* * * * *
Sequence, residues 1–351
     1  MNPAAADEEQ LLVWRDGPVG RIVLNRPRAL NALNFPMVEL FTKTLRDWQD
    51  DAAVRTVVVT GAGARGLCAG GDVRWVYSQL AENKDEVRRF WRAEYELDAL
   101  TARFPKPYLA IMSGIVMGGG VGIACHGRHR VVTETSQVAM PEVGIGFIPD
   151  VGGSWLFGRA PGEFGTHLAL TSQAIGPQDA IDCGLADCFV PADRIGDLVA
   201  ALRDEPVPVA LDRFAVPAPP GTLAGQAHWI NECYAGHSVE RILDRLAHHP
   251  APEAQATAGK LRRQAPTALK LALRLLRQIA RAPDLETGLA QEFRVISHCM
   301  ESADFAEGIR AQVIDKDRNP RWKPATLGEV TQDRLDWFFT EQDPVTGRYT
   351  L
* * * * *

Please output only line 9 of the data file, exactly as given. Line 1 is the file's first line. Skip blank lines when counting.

   351  L